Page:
Less favoured areas U-turn hijacks rural policy debate

© DC ThomsonMr Ewing said government would do all it could to try to reinstate funds in full.
Mr Ewing said government would do all it could to try to reinstate funds in full.

A “screeching U-turn” on cuts to Less Favoured Areas Support Scheme (LFASS) payments hijacked a Holyrood debate on the future of rural policy yesterday.

The debate was overshadowed by news that LFASS payments will reduce by no more than 20% over the next two years.

During his address to parliament, Rural Economy Secretary Fergus Ewing confirmed that LFASS funding would remain at at least 80% of current levels, contrary to an announcement on Monday when Mr Ewing said payments would reduce by 20% this year and by 60%, or possibly even 80%, next year.

Mr Ewing said: “LFASS funding for 2019 and 2020 will not fall below 20%. I will work to find options to achieve that.”

He said government would also do all it could to try to reinstate funds in full.

The latest LFASS announcement was described as a “screeching U-turn” by Conservative Highlands and Islands MSP Donald Cameron who said any cuts to LFASS would have a “catastrophic impact on Scottish farmers and crofters”.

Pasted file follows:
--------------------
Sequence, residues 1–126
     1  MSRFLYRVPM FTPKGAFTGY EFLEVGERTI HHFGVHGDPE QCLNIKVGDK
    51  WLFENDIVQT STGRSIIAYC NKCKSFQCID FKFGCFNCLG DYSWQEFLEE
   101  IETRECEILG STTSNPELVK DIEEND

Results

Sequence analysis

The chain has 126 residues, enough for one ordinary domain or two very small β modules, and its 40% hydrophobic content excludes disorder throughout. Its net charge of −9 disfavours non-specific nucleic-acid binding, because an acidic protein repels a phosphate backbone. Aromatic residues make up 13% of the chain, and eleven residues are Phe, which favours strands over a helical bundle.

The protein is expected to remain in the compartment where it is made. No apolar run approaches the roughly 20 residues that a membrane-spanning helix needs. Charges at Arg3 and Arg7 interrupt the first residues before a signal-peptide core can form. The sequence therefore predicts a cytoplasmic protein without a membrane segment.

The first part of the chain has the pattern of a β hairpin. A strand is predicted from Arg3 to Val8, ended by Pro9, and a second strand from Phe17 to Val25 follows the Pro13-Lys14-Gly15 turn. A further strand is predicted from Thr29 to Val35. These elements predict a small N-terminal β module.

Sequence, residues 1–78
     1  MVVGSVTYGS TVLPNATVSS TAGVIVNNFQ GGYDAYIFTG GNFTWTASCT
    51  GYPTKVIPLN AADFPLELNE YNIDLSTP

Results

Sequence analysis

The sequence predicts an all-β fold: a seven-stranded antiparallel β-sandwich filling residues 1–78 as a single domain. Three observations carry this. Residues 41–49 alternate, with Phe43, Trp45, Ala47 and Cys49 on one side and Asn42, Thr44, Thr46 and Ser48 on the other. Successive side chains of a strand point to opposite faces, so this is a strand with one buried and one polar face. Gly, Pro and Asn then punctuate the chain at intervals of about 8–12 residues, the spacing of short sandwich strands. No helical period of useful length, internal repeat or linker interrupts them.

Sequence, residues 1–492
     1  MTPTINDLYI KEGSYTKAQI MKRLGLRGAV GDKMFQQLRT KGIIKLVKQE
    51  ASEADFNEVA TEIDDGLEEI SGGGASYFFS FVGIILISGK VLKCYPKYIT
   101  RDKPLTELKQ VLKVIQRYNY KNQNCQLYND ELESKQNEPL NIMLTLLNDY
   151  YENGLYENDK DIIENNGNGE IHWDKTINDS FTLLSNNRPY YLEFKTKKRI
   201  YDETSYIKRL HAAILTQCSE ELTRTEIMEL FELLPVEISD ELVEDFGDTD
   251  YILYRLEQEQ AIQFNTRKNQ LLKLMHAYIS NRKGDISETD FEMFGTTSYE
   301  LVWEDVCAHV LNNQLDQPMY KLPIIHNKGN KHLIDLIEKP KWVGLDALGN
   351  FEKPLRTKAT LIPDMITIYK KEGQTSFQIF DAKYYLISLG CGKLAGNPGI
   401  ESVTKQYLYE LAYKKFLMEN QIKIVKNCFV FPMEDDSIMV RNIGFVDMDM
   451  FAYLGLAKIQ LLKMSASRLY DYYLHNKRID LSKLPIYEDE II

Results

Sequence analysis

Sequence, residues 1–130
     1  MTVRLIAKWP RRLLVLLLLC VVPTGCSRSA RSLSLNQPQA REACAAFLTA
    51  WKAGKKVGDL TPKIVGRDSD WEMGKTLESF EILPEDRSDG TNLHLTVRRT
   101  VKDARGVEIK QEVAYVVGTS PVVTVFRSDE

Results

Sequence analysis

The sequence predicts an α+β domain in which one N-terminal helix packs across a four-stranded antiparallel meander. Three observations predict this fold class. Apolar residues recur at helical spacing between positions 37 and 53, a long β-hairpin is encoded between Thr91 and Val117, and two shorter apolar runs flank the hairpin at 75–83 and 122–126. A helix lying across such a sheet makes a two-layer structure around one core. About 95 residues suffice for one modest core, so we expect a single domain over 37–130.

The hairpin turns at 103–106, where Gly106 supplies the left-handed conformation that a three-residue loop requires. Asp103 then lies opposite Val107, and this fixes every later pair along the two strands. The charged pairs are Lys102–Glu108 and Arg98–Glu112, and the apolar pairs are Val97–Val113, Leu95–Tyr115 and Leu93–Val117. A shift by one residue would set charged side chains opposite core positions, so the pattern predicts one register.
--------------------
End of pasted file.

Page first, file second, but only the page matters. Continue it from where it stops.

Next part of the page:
He added: “The Cabinet Secretary must ensure that those farming on ‘less favourable’ land are properly supported.”

Aside from the LFASS cuts announcement, Mr Ewing said legislation would be introduced in this parliamentary session for a Scottish Agriculture Bill, although the precise timetable for this was not confirmed.

He also pledged to set up a group, at the request of the Liberal Democrats to look at a bespoke policy for farming and food producers, consisting of producers, consumer and environmental organisations.

The Tories repeatedly described Brexit as an opportunity to design a bespoke system for Scottish agriculture, while north-east Liberal Democrat MSP Mike Rumbles urged his peers to set aside party politics and work together to devise new rural policy.

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